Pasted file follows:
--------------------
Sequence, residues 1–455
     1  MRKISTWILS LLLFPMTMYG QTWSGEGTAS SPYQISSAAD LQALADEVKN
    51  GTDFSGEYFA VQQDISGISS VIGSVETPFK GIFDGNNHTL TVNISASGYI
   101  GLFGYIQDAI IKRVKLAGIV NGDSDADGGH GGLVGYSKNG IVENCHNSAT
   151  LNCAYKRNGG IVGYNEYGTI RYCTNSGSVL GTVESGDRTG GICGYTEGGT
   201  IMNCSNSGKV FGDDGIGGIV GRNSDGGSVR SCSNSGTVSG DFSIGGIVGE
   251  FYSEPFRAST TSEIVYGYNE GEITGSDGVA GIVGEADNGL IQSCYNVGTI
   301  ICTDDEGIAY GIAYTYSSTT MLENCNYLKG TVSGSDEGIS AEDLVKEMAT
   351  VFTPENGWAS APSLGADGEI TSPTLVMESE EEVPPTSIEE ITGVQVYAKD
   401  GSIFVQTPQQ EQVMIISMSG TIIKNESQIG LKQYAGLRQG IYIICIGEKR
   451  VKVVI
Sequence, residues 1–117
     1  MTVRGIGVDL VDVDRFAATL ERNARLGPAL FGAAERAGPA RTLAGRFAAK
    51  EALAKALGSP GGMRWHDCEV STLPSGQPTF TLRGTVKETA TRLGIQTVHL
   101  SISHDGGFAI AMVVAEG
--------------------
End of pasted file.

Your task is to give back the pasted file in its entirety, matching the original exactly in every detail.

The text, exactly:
Sequence, residues 1–455
     1  MRKISTWILS LLLFPMTMYG QTWSGEGTAS SPYQISSAAD LQALADEVKN
    51  GTDFSGEYFA VQQDISGISS VIGSVETPFK GIFDGNNHTL TVNISASGYI
   101  GLFGYIQDAI IKRVKLAGIV NGDSDADGGH GGLVGYSKNG IVENCHNSAT
   151  LNCAYKRNGG IVGYNEYGTI RYCTNSGSVL GTVESGDRTG GICGYTEGGT
   201  IMNCSNSGKV FGDDGIGGIV GRNSDGGSVR SCSNSGTVSG DFSIGGIVGE
   251  FYSEPFRAST TSEIVYGYNE GEITGSDGVA GIVGEADNGL IQSCYNVGTI
   301  ICTDDEGIAY GIAYTYSSTT MLENCNYLKG TVSGSDEGIS AEDLVKEMAT
   351  VFTPENGWAS APSLGADGEI TSPTLVMESE EEVPPTSIEE ITGVQVYAKD
   401  GSIFVQTPQQ EQVMIISMSG TIIKNESQIG LKQYAGLRQG IYIICIGEKR
   451  VKVVI
Sequence, residues 1–117
     1  MTVRGIGVDL VDVDRFAATL ERNARLGPAL FGAAERAGPA RTLAGRFAAK
    51  EALAKALGSP GGMRWHDCEV STLPSGQPTF TLRGTVKETA TRLGIQTVHL
   101  SISHDGGFAI AMVVAEG